Our Intelligence Set-Up Suits a Totalitarian State’ – Retired R&AW Official

(October, 18, New Delhi, Sri Lanka Guardian) Retired R&AW officer Major General VK Singh, who is being hounded for his book on his tenure in the agency, tells Indian based weekly the Tehelka, that he should be treated like a whistle-blower

Q:Do you regret writing the book, given the way you are being hounded?
A.I would have written the book anyway because whatever I have said is right. I should be seen as a whistle-blower. I expected to be given protection by the State and not to be hounded. I haven’t committed any wrong and I’m sure I’ll come out clean.

Q:Instead of addressing issues you have raised, the government is going after you. Is there some vendetta?
A.I did not have inimical relations with anybody. Maybe I’ve rubbed some people the wrong way because I’ve made some derogatory remarks. I think they are upset for personal reasons. There is nothing against the agency. I don’t think they have been subjected to criticism earlier and that’s why they have got worked up. They are not used to being criticised.

Q:Is there anything that you have withheld in your book?
A.I won’t reveal them because they are classified and then I would be really violating the Official Secrets Act (OSA). I could have given the locations of every monitoring station in the country but that I certainly won’t do.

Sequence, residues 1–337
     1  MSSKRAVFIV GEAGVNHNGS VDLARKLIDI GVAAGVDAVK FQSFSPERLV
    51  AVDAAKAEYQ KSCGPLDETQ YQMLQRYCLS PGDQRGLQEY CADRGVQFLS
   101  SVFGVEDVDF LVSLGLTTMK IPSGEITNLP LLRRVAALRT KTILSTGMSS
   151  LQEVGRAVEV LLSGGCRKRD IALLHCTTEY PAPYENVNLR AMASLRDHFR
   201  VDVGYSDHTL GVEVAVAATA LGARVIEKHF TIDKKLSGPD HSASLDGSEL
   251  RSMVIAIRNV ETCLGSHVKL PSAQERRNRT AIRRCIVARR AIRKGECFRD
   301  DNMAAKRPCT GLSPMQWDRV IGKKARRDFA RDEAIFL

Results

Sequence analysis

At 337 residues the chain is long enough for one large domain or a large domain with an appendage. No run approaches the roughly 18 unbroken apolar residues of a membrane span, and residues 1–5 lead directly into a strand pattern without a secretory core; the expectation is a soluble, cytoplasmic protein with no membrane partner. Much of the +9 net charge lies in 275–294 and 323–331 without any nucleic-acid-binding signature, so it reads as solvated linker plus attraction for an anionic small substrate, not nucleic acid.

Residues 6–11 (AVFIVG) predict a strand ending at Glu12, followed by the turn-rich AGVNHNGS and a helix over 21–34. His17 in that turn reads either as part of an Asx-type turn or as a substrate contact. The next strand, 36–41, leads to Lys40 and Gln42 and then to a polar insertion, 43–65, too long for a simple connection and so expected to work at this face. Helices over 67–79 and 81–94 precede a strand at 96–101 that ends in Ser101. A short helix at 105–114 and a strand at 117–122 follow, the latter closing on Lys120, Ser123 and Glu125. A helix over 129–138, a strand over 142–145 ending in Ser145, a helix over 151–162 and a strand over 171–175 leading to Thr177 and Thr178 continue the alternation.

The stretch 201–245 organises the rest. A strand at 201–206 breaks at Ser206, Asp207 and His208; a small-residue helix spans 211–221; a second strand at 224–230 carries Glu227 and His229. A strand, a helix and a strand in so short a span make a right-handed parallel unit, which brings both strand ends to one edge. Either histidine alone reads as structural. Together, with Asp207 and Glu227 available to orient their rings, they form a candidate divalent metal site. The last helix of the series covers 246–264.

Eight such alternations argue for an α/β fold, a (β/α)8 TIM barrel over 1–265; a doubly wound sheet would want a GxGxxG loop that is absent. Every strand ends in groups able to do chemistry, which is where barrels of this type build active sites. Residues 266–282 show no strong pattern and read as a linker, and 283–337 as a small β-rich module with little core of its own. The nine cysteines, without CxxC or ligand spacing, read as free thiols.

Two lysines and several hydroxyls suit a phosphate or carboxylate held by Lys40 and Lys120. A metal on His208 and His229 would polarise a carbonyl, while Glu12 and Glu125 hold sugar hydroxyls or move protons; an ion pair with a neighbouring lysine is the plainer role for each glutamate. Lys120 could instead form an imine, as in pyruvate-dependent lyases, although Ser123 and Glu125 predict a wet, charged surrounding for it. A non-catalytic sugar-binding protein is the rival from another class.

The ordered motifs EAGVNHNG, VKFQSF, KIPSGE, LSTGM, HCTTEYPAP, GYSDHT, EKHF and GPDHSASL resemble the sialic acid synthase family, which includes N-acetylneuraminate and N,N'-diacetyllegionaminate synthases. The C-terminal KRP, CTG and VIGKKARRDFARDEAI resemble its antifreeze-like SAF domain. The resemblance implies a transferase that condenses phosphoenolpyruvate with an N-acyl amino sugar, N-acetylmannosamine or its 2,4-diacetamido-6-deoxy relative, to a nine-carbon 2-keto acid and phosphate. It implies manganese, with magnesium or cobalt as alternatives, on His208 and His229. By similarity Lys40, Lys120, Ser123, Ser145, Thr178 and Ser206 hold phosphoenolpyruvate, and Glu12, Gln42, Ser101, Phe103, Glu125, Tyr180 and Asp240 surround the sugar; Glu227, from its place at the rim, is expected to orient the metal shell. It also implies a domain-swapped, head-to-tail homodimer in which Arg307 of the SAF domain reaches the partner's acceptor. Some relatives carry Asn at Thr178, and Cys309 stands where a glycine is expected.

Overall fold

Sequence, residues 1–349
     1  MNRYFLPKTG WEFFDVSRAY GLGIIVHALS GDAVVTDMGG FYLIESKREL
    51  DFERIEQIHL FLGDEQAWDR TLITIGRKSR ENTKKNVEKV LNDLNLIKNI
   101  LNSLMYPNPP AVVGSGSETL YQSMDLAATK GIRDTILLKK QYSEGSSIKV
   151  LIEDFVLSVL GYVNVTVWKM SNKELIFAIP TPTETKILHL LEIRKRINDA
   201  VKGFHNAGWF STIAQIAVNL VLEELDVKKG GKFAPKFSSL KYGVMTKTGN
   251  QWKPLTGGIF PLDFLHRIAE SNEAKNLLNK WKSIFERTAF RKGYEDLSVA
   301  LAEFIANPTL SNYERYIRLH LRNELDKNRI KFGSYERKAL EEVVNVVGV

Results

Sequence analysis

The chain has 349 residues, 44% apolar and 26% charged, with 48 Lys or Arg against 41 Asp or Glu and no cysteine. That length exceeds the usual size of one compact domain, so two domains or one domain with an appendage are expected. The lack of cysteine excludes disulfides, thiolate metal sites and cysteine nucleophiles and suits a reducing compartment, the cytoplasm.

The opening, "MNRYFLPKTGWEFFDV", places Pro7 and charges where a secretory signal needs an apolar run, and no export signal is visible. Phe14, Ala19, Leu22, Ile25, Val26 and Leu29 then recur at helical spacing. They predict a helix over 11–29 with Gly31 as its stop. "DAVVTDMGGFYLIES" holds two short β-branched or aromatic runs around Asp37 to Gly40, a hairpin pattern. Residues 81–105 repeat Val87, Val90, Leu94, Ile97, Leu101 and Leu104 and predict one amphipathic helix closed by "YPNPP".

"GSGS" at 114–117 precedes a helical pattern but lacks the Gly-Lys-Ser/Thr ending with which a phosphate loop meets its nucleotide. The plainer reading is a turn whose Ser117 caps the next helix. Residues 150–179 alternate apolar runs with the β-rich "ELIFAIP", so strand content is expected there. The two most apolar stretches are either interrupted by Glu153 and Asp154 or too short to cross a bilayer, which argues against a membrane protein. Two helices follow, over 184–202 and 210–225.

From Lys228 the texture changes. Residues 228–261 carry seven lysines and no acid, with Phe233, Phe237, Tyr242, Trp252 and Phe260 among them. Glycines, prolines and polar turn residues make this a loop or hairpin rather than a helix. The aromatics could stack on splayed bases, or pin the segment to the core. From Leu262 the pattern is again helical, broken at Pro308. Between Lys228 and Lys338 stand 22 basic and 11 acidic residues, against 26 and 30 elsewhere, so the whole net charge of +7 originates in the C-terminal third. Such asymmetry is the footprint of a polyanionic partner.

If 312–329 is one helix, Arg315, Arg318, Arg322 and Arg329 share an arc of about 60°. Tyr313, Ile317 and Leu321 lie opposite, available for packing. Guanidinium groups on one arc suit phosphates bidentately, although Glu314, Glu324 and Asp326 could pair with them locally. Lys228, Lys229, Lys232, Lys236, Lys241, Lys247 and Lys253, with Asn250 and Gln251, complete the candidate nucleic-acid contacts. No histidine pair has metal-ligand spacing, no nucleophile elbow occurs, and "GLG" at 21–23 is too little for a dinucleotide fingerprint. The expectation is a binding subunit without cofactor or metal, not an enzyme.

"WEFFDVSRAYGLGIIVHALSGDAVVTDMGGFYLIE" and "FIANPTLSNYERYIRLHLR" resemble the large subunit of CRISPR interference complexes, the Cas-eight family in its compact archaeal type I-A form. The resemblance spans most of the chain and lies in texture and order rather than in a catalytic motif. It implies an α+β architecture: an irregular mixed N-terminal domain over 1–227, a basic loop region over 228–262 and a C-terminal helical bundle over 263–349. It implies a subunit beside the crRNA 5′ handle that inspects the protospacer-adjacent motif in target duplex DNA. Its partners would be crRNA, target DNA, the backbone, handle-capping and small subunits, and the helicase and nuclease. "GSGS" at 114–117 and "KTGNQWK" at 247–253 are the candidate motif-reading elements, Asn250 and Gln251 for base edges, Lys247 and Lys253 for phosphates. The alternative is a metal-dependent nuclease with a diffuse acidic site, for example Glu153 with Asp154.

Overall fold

Q:Don’t you think our intelligence agencies, be it the IB or RAW, should be more accountable and open?
A.That’s the whole point I’ve made in the book. After all, we are a democracy and there are intelligence agencies in other democracies. There is the CIA in America which is not as closed or away from the public glare as RAW. Yes, there is information which is sensitive but why should we be so closed about our method of functioning? The people, the taxpayers, have a right to know how the agencies function. It surprises me. I don’t know why no action is being taken on, for example, the suggestion of a Parliamentary oversight committee and a review of the OSA. This started, you know, when VP Singh was the Prime Minister and there was some move to do it, but it just fell through. But nobody in the government is talking about that.

Q:Do you agree that India’s intelligence agencies get away with a lot in the name of national security?
A.There are many institutions which are still a baggage from the past. Many institutions are contrary to the concept of democracy and RAW is one of them. We have an intelligence set-up which is suited to a totalitarian state. During the British Raj, there was a ruler and we were the subjects and maybe it suited their requirements but it is not in consonance with our present set-up.

Q:Is there a mindset problem?
A. Absolutely. It’s a mindset problem. From the lowest to the highest, the day anyone joins, this is drilled into his head: we are a super-secret organisation. Everything is secret. Don’t talk about anything, even among yourselves and so on. That’s why even a circular for a tea party is marked secret. There was a move to revamp the intelligence set-up after Rabinder Singh managed to flee. What happened then? Basically, there is a leadership problem. Rabinder Singh’s case was a classic case of failure of leadership. I pointed out another instance wherein a RAW station didn’t open for a year after an earthquake because no one wanted to go there. You see, failure of leadership translates into indiscipline. The problem is nobody is willing to take action, even if a driver comes to duty drunk.

Q:Do you think your phones are bugged now?
A.They may be bugged but I’m not using them for any anti-national activity. If they are being bugged, let them be bugged.
Courtesy: Tehelka